“To any questions in particular?” he says.

“I,” she says. “I could use a cigarette.”

“Of course.” He reaches over a corner of the desk to open a drawer. Pulls out a clear cellophane packet of unmarked cigarettes and a clean glass dish and a mirror-bright lighter, and then busies himself with freeing a smoke and holding it up for her to take, opening the lighter, striking a flame. “Strong,” she says, blinking, after her first drag.

“A custom blend,” he says, putting the lighter and the packet away. “Burley, and a Macedonian leaf. Not to everyone’s liking. Please, sit. You must be exhausted.”

She reaches back to find an arm of the chair behind her, dark wood framing glossy tufted leather, and she lowers herself, carefully, into it. In that white suit he’s kneeling before her, and his fingers smooth and slender, the nails cut close and neatly shaped, pick at the knots in the laces of her moccasin boots. “The office has a shower,” he’s saying, “and a cot, if you would nap. Fresh clothing will be fetched, but later, later.” Laying the empty boots one atop the other, his hands, the pale backs of them rumpled with blue veins, wrap themselves about her bare feet worn, creased, reddened and stained from those black boots. “Coffee?” he says as he strokes them, holds them, warms them. “Tea? A pastry, or an omelet?” Brushing with a fingertip the silvery gold-tinged ring about a toe. “Liquor, cocaine, hashish?”

Ysabel lets out a smoke-wreathed laugh, and leans forward to tip ash into the glass dish. Sitting back she lifts a foot from his hands, swinging it out and up, hiking up her knee to hook it over the arm of the chair. Leaning on the other arm she tips her matted hair out of her face. “What would you have of me,” she says.

“Oh my lady Bride,” he says, and he lets go her other foot. “What I would’ve had of you, had you not,” and then, sighing, he stands. “Had things gone according to plan.” Stepping back. “The King was to have,” and his eyebrows lift, “returned, in three weeks’ time. The turning of the year, when the sun is passed from archer to goat, and the wheel turns from sun to Saturn, and up comes a man, dancing, his body all over hair like a boar’s, and his teeth like roof-beams; he holds a cattle-goad, and catches fish.” He half-sits on the corner of the desk. “And at that moment, with you quickened, but not yet realized, I’d’ve stepped in and bound you about in such a ceremony,” spreading his hands, a shrug. “A ring, a dress as white as snow, and flowers, mountains of flowers, in this dead of winter. Pale roses,” he says, “pinks and yellows, and white, of course.”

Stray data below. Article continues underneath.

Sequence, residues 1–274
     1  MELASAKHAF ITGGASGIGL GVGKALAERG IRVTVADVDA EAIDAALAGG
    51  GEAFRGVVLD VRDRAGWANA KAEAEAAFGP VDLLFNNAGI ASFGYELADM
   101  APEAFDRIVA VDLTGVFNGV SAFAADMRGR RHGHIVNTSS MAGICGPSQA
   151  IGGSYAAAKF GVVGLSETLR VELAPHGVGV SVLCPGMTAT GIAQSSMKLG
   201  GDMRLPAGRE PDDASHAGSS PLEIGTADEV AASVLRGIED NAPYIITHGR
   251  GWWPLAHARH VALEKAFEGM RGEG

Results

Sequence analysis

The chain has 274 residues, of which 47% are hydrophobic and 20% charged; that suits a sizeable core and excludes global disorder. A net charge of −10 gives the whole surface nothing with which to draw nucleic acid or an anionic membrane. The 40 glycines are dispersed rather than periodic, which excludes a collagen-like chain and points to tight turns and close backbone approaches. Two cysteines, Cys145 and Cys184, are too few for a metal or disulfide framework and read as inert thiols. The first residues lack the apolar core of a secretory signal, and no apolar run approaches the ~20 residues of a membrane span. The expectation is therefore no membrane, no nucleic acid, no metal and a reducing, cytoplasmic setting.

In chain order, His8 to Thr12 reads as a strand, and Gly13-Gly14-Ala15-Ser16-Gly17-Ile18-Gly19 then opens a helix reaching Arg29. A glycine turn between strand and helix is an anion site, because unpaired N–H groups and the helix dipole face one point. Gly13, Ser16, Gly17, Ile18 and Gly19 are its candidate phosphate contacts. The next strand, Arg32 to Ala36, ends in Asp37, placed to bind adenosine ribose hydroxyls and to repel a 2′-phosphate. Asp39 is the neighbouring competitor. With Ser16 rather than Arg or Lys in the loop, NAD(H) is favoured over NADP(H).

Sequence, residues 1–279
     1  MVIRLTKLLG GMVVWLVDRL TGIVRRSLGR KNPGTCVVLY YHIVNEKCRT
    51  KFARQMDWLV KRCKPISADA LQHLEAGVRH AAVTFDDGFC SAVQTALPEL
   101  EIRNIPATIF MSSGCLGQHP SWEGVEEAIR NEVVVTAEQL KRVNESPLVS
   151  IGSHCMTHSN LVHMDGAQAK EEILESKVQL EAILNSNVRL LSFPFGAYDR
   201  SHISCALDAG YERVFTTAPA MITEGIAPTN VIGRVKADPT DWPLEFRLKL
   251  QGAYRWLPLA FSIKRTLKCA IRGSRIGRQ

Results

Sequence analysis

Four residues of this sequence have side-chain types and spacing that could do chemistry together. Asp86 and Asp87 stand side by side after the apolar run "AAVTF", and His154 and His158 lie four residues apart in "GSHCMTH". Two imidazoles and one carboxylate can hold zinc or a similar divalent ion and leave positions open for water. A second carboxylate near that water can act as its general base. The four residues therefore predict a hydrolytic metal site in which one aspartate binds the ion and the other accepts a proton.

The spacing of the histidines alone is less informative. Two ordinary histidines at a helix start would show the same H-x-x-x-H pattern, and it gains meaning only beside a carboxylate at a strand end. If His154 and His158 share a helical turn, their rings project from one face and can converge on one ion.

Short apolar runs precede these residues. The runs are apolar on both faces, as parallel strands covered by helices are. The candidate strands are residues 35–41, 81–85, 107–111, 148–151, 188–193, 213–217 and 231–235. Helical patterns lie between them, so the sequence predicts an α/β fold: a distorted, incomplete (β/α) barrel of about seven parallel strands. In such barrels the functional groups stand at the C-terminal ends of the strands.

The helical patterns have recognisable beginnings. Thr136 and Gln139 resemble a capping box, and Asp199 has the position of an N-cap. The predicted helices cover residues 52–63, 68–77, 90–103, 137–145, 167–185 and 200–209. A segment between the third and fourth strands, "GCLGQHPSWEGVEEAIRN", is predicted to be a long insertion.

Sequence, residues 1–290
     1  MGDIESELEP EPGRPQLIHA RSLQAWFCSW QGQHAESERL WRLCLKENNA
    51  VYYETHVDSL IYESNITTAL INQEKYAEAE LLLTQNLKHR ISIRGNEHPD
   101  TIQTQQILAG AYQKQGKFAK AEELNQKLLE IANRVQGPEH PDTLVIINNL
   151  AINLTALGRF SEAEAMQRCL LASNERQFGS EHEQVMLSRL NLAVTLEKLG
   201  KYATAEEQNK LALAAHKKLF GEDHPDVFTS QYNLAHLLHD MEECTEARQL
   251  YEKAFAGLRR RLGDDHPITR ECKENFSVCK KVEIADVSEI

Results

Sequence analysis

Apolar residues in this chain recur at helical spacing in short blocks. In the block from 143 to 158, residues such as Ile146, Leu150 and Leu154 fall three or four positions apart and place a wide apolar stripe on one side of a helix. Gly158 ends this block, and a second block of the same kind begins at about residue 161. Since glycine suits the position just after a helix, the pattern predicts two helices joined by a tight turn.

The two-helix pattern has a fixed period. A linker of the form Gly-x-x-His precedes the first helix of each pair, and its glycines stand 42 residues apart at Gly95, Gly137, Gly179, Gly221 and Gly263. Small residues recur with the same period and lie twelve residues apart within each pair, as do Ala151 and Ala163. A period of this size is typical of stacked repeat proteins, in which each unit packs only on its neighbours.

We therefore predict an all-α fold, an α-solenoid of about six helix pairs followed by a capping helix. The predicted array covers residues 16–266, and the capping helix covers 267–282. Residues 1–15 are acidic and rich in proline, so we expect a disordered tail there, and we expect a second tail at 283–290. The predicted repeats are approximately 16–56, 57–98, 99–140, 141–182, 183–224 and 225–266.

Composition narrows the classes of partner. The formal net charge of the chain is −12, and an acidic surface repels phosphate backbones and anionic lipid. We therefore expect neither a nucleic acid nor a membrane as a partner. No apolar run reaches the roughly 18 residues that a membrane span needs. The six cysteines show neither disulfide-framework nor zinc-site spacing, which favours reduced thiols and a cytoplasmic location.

She leans forward, to tip more ash into the dish. “White roses,” he says, “and then four walls, and a daily routine, a career, if you’d needed one. Real estate, perhaps. You could have been kept on the cusp for years. Decades.” He brushes nothing from his knee, then stands, steps around to the other side of the desk. “But it seems,” he’s saying, “the rules are less stringent than I’d been led to believe. They always are, of course;” he stands there, his back to her, arms folded before him, “the question’s always whether the other players are also aware of this fact.” He looks down, not quite back at her. “I blame myself, you must understand. I miscalculated. There’s no other word for it.”

“The wedding’s off,” says Ysabel, her voice a flatly cautious thing.

“Oh, there’ll be a small ceremony. A few close friends. Business associates. Tonight, of course; it’s Saturn’s day, after all.” Turning, smiling. “Short notice, but they’ll take my calls. For this, they’ll rush to pick up the phone. We’ll settle on some mutually agreeable location, a well-appointed room, we’ll say a few words, then lay you out upon the table, take up our forks, and eat the very essence out of you.” He picks up the ivory-handled knife from the desk, bounces it once, in his hand, “So,” he says, slipping it into a pocket. “Fresh clothing, soon, new shoes, and in the meanwhile, if there’s anything you need – Mr. Charlock and Mr. Keightlinger should be done, by now. Let them know.”

He opens the door, stops there, a hand on the knob. “I take the fact you haven’t asked me what I’m to be called as a sign that, you understand – this is strictly business. Nothing personal to it, at all.”

He closes the door. The sound of the lock, turning. It’s some time before she leans forward to snub out the half-smoked cigarette, and then sits back, in that chair, behind that desk.